Time for plan B. Time being something that was quickly running out I should add. The knitting was starting to acquire cobwebs. First idea was to pass the soupy juice through a sieve. While it captured some of the sludge and the odd grape that had escaped being individually placed into the feeder tube, the smaller quantity of juice I was left with still looked like primordial soup. Next plan involved one of the muslin squares I use for making elderflower
hooch cordial placed inside another sieve. This was too efficient and very little trickled through. Squeezing the muslin to try and encourage things along went a little wrong and great dollops of primordial soup surged across the worktop and trickled onto the floor. By now I had every plastic measuring jug I owned in use and if the 'soup' had been red the kitchen would have resembled a serious crime scene. Final attempt involved the jelly bag I should have used in the first place and the results were acceptable. The volume was back down to about 200ml.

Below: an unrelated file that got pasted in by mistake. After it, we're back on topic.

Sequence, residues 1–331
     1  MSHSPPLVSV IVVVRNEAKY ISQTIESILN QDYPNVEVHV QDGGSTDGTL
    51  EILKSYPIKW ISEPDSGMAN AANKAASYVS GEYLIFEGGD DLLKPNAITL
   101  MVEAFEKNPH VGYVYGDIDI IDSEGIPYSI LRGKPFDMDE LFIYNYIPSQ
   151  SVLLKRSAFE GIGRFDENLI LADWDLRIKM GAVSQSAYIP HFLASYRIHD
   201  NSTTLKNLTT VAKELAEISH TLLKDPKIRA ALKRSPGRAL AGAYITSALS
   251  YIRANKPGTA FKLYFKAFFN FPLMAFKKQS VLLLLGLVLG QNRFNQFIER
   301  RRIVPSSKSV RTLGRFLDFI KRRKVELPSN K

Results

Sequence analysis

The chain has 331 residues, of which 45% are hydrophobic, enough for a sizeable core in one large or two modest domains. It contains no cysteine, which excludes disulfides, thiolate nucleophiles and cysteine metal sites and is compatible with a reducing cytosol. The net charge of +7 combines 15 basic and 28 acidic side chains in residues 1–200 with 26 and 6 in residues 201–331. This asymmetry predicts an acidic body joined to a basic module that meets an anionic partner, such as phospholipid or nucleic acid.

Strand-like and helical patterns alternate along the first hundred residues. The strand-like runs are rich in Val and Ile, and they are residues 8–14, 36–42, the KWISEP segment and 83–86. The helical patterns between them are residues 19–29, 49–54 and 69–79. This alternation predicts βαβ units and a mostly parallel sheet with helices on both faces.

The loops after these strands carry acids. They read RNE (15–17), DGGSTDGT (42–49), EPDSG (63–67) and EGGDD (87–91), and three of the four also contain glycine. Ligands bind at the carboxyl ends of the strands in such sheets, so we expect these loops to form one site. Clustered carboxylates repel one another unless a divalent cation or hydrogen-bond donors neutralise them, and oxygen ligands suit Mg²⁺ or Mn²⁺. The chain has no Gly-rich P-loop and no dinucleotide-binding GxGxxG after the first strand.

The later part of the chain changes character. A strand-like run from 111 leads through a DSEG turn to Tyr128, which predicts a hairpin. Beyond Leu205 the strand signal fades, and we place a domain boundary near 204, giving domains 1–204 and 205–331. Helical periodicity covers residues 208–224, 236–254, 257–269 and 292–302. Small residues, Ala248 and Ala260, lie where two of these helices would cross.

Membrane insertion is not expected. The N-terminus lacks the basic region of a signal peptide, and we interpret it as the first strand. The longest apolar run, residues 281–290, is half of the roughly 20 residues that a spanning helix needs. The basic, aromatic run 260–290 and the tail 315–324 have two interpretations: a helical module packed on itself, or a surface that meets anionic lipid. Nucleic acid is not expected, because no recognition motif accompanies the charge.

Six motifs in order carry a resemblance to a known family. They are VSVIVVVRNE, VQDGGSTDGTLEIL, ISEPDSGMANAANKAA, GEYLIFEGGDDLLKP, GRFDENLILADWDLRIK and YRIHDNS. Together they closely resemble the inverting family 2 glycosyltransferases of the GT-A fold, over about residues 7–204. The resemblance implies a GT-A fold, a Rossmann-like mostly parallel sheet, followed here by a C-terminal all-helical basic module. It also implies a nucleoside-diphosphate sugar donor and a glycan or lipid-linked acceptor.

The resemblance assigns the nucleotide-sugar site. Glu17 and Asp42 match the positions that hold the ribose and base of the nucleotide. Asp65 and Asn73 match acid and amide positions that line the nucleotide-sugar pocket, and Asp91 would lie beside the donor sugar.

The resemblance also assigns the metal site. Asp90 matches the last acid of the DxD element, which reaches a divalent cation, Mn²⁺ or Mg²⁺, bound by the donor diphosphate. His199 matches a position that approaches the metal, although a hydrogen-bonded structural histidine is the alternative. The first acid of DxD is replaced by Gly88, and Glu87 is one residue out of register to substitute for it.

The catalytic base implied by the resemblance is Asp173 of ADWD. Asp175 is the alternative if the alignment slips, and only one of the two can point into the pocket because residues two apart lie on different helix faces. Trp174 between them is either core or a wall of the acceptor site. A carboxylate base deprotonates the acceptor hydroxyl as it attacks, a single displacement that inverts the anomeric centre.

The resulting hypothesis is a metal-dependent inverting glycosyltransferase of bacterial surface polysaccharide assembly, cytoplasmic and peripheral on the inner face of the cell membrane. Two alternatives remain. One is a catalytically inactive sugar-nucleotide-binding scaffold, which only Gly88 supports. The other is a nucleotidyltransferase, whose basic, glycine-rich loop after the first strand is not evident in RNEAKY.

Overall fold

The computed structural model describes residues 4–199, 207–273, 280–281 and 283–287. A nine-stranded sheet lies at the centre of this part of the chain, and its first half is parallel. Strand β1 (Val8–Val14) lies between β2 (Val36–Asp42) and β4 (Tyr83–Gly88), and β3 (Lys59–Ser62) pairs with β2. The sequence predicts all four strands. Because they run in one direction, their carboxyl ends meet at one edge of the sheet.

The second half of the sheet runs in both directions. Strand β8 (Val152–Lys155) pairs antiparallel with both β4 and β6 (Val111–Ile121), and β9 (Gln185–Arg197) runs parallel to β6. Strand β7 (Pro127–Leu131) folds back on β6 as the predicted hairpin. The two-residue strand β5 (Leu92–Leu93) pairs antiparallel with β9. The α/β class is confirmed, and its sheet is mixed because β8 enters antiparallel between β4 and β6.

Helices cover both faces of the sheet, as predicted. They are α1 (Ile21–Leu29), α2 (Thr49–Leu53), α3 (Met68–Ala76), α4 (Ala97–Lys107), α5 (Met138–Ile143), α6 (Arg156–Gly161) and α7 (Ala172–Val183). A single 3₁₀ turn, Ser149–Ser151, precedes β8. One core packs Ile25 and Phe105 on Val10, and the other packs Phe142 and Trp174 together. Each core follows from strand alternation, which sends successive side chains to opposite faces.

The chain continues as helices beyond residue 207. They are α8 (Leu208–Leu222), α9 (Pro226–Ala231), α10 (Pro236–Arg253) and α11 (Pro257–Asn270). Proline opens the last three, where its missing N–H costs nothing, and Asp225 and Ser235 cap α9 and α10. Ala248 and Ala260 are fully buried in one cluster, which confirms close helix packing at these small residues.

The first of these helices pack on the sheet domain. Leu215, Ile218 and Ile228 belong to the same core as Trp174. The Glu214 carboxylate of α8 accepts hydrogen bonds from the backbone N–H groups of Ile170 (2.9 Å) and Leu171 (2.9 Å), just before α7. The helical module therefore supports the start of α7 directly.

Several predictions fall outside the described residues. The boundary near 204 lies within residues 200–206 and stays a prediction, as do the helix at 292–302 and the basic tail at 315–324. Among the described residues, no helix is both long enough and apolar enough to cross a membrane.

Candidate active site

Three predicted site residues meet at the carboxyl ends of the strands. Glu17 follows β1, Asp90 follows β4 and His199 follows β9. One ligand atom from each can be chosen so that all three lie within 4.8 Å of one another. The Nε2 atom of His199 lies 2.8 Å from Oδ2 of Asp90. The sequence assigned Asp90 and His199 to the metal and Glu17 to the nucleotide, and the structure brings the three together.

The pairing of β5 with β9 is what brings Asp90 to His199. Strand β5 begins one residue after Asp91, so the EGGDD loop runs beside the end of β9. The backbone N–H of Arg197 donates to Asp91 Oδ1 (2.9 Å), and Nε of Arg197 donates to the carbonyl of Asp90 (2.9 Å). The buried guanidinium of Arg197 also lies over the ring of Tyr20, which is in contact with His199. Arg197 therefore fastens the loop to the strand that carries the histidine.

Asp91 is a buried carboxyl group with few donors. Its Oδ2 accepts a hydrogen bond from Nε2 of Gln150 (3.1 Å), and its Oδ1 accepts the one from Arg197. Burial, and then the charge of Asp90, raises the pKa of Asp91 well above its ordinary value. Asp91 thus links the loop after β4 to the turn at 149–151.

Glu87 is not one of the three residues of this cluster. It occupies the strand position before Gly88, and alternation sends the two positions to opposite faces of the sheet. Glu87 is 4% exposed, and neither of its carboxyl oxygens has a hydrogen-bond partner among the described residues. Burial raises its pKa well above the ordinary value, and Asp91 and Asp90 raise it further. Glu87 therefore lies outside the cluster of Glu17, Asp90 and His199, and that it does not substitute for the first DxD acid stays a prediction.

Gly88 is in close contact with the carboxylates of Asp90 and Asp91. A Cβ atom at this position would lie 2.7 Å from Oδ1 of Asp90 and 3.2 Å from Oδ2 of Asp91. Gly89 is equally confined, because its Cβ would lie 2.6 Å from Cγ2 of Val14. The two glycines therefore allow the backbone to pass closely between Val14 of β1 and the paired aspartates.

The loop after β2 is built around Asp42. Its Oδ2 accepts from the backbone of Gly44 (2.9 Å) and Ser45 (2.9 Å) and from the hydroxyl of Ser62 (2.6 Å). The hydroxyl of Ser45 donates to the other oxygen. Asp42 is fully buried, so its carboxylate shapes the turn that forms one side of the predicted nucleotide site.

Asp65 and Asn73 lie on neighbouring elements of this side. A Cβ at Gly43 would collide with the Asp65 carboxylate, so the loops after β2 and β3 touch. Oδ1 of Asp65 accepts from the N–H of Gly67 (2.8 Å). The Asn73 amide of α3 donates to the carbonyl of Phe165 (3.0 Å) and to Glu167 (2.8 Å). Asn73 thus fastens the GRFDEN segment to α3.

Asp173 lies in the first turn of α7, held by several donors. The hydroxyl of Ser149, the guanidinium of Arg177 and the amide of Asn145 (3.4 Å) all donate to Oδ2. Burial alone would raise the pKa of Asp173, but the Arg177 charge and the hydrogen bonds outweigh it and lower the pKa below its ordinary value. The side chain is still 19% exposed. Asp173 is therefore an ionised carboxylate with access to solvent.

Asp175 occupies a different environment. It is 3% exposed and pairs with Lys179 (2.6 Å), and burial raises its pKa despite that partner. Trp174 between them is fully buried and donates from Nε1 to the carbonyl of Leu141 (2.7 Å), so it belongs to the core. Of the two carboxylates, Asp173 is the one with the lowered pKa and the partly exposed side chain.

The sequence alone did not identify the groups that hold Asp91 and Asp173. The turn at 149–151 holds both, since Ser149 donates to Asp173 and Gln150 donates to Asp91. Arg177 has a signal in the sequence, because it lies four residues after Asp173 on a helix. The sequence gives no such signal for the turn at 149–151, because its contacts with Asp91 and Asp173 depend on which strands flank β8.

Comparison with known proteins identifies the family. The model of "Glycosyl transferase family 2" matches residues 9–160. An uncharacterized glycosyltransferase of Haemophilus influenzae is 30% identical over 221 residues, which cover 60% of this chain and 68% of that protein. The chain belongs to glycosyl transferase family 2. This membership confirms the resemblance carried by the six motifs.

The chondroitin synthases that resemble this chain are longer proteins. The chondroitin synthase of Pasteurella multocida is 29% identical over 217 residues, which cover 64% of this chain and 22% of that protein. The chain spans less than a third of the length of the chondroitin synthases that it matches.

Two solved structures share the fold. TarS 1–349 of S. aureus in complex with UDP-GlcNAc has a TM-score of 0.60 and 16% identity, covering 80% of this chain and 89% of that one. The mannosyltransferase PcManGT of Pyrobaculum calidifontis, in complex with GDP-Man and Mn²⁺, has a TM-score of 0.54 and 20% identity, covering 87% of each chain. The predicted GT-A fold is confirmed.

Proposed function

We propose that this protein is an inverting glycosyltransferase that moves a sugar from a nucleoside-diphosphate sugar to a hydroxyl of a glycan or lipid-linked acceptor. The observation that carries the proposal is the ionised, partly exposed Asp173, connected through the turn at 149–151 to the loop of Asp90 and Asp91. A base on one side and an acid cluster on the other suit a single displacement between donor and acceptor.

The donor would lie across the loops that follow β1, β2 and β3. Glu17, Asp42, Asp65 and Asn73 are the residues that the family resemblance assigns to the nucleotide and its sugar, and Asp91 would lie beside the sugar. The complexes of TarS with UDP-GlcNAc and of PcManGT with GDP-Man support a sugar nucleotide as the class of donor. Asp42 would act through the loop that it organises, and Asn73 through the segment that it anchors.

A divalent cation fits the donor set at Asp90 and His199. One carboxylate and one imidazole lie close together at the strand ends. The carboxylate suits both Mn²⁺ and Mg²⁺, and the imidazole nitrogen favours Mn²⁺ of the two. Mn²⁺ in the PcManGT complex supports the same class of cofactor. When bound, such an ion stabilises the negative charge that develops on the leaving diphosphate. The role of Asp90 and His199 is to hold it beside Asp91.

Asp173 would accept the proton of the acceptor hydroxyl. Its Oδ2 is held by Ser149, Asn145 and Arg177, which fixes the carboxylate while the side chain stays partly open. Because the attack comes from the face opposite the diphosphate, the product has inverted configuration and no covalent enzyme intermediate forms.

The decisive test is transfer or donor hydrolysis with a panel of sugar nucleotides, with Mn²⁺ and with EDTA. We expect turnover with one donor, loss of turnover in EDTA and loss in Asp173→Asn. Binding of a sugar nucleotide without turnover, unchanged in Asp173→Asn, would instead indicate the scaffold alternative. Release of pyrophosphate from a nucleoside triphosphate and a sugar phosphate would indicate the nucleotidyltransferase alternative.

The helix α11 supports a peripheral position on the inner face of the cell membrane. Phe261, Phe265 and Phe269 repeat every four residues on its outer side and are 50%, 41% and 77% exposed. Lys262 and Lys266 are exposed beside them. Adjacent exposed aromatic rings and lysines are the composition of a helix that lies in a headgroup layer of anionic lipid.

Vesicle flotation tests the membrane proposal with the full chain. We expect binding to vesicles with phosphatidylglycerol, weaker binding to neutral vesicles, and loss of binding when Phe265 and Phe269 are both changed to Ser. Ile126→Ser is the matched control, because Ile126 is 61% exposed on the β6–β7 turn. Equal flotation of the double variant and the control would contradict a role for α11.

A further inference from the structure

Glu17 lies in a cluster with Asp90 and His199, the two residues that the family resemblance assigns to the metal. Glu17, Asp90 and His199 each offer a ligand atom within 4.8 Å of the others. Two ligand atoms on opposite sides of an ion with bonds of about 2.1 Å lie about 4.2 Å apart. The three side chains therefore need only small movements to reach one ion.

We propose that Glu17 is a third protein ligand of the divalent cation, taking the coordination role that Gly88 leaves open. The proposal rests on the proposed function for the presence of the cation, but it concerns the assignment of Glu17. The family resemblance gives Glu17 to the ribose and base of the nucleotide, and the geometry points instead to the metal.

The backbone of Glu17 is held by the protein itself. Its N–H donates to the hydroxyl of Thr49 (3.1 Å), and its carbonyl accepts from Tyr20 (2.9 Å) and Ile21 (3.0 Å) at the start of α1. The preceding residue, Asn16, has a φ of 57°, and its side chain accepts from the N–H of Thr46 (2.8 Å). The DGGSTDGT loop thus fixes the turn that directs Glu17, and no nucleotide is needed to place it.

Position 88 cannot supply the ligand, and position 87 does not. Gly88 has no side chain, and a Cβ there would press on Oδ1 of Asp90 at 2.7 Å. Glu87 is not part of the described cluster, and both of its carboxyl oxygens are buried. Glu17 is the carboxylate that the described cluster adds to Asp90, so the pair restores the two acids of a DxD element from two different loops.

Anyone who has read this far and not resorted to a glass of some strengthening liquid or a strong cup of tea is advised to drink one now, while I divert to a textile aside from the juice story.

As I moved the chaos around the kitchen I noticed that the muslin had turned a rather gorgeous muted neutral colour.  The sort of colour that goes with everything, that you search the world for in a yarn, or spend hours trying to achieve in home-dyeing, but never quite find in the perfection that was there in my square of muslin.

I stood there amongst the ruin of my kitchen and tasted the juice. A mere sip was enough to tell me that the couple of grapes I'd tasted after picking were probably the only grapes that were ripe. Yes, there was a pleasing complexity of flavour, but my 'tubes' were being seared more effectively than I'd ever experienced with the strongest vindaloo curry.

By now it was dark outside and the knitting was becoming petrified. Deciding that the French were experts in the fruit of the vine, and having read that they added all sorts of things to their wine, I reached for the sugar. The result was palatable, just.